By Arré Bench Nov. 30, 2020
With 1721 films made across 18 countries, India Film Project’s 50-Hour Filmmaking Challenge wrapped up this year’s virtual content festival with 15 winning films. Have a look at the short films here.
It’s been a tough year for content creators and budding artists, many of whom were trapped inside their homes for the better part of the year like you and I. Even so, the hustle never stopped. The India Film Project stepped in right when we needed a dose of art and creativity the most, treating us to the world’s “largest filmmaking challenge”.
With 1721 films made across 18 countries and 122 cities, the 50-Hour Filmmaking Challenge was a great morale booster for aspiring filmmakers and professionals. Keeping intact the notion of, “the show must go on”, in its 10th edition, IFP seamlessly embraced the new normal taking Asia’s largest content festival online.
The flagship 50-Hour Filmmaking Challenge encouraged participants to create, shoot, edit, and compile a short film within the given time frame. The best of the lot received accolades and more from an award-winning jury comprising Ashwiny Iyer Tiwari, Raj DK, and Shubhashish Bhutiani. A virtual ceremony was held which saw an attendance of 18,300 people and they too were provided a detailed analysis of the winning films.
The IFPX Festival was a multi-staged content festival spread over four days – between October 22-25 – and three stages with a participation of 180+ prominent creative stalwarts. The jury members navigated their way through the three categories, i.e, mobile, amateur, and professional to curate the top 5 winners in each category. Here are the winners.
Mobile Category: Participants had to shoot on mobile phones with cameras that have a minimum resolution of 1080p.
Theme: Stop At Nothing
Genre: Drama, Humour or Biography
The Top 5 winners of the Mobile Category are:
The Platinum Film of the Year: One and a Half Foot Man
The simple yet life-changing story of a handicapped man who tries to hold onto his online job in spite of poor internet connectivity in the village.
The Gold Winner Film of the Year: Road To Thumba
Does reality inspire life or does life inspire reality?
Road to Thumba sees two men of opposing beliefs, trying to make the other see their perspective.
The Silver Film of the Year: The Audition
How far does an aspiring actress who stops at nothing to pursue her dream go, all the while tackling problems and her unsupportive father trying to stop her?
The Bronze Film of the Year: Picture Abhi Baaki Hai
This story follows a determined participant of a filmmaking competition, who gets ditched by his teammates at the last moment. He refuses to give up and believes life must stop at nothing.
Number 5 Film of the Year: Anjali’s Kitchen
A chef embarks on a journey to make a tutorial video, and the exhilarating ride is a thrill worth devouring.
Shot on One Plus Award: Master Ji
A hearty toast to determination and good old hard work, that helped a newbie teacher conquer lockdown woes is a visual and aesthetic journey like no other!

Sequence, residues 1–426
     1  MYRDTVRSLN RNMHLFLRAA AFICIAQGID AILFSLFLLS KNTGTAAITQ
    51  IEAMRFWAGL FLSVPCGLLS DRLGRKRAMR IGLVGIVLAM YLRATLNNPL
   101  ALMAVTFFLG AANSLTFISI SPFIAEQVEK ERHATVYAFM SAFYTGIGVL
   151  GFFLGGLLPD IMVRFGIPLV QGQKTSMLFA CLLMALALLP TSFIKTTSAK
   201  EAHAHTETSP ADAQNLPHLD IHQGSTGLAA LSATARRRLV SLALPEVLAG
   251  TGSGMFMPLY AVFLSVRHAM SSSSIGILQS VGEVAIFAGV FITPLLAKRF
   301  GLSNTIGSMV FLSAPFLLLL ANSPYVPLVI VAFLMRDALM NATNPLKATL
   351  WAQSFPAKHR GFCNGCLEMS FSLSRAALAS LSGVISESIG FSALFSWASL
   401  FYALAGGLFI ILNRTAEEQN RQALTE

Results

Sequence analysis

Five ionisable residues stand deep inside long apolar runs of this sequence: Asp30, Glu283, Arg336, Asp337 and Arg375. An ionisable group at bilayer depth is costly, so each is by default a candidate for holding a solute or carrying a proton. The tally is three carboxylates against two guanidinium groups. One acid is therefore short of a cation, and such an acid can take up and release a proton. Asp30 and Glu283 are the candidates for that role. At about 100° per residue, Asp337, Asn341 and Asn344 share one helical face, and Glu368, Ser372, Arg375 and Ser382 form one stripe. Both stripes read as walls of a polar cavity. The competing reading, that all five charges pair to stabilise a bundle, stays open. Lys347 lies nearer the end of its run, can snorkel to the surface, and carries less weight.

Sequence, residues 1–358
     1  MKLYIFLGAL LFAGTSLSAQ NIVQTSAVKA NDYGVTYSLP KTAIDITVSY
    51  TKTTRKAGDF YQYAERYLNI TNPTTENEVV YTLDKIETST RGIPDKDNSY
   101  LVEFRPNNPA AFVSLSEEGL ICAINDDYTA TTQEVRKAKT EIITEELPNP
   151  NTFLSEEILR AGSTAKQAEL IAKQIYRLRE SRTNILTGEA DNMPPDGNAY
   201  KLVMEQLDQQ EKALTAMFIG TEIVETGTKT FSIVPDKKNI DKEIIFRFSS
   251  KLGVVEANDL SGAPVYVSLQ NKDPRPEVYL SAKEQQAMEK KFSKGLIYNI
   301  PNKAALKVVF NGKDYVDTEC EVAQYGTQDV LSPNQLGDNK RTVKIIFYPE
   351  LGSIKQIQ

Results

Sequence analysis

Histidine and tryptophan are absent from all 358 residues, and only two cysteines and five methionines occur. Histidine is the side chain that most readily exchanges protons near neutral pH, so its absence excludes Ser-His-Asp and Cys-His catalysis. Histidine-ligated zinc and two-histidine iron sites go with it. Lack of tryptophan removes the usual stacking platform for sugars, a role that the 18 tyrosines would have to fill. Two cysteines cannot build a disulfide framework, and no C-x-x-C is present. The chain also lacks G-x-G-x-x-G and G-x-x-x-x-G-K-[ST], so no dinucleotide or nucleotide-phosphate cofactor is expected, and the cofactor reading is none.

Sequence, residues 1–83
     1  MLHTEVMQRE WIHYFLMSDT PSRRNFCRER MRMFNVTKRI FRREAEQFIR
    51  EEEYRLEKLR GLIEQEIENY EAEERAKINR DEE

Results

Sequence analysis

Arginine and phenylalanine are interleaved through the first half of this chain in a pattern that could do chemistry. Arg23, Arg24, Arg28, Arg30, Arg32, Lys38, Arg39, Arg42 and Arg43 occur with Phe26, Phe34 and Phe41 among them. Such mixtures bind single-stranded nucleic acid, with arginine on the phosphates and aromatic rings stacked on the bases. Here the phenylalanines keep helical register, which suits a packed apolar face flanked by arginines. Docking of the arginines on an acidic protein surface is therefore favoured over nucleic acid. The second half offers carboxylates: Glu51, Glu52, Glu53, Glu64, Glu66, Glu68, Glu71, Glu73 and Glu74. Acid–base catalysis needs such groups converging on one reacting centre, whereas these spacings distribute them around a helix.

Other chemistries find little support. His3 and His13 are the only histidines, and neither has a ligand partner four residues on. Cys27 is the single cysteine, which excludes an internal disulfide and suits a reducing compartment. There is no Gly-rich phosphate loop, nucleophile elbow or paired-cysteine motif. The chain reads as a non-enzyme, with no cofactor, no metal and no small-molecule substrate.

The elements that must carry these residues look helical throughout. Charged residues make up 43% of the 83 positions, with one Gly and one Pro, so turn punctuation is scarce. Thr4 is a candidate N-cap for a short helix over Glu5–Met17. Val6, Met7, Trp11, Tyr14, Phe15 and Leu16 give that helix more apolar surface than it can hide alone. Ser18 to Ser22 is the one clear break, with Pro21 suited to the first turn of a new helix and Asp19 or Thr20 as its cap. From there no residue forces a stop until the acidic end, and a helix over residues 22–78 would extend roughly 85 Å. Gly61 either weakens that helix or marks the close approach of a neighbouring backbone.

Amateur Category: The only limitation for the Amateur Category was that those leading the team should have made none or less than three films.
Theme: Almost Famous
Genre: Drama, Mockumentary, Fantasy or Humour
The five winners of the Amateur Category were:
The Platinum Film of the Year: Dr. Pashupal
A comedy of errors follows a doctor who moves to a new village and tries to trick his way to fame.
The Gold Winner Film of the Year: WOH
This is a heart-wrenching story of two different individuals who encountered each other during the lockdown, making one famous and the other one almost famous in the most significant way.
The Silver Film of the Year: Zipped
A cautionary tale follows this beautiful story: face your inhibitions, else you will be left: almost famous
The Bronze Film of the Year: Ramesh
Twenty-two-year-old Ramesh is a naive guy with a dream to become famous and eventually that’s how destiny favours him.
Number 5 Film of the Year: Bhavai
What does a folk artist whose art is not recognised by people due to time differences do in stressful times?
Professional Category: Only those who have made three or more films in the past are eligible under this category.
Theme: Brave New World
Genre: Drama, Political, Fantasy or Satire
The Top 5 winners in this Professional Category were:
The Platinum Film of the Year: Seven Feet
Years after a pandemic, a young woman refuses to believe that the terrible period is over and insists on living in isolation. What follows is a delightful visual journey.
The Gold Winner Film of the Year: OFFLINE
A spark could lead to a fire. But in today’s time, all sparks fire up. How safe are we while we are just trying to be ourselves? Offline answers pertinent questions.
The Silver Film of the Year: Chalte Rahiye Janaab
A mind-blowing conversation between an outspoken salesperson and a rather frigid auto-rickshaw driver brings out cloaked revelations about their lives.
The Bronze Film of the Year: The Code
The film experiments with our social life. Are we using it or is it using us? The Code resolves questions, as it asks even more!
Number 5 Film of the Year: Meraki
A tale of how artists are coping emotionally with what’s happening in the world around them and struggling internally to try and restore their belief in their art and themselves. Meraki is a much-needed tonic in a state of global disarray.
And with all the 15 winners, IFPX wrapped with a bang!
But here’s the best part: Every Sunday on MTV at 9 PM, you can relive the magic of IFP Season X with IFP Shorts, and watch as the short films go big or go home to the next level.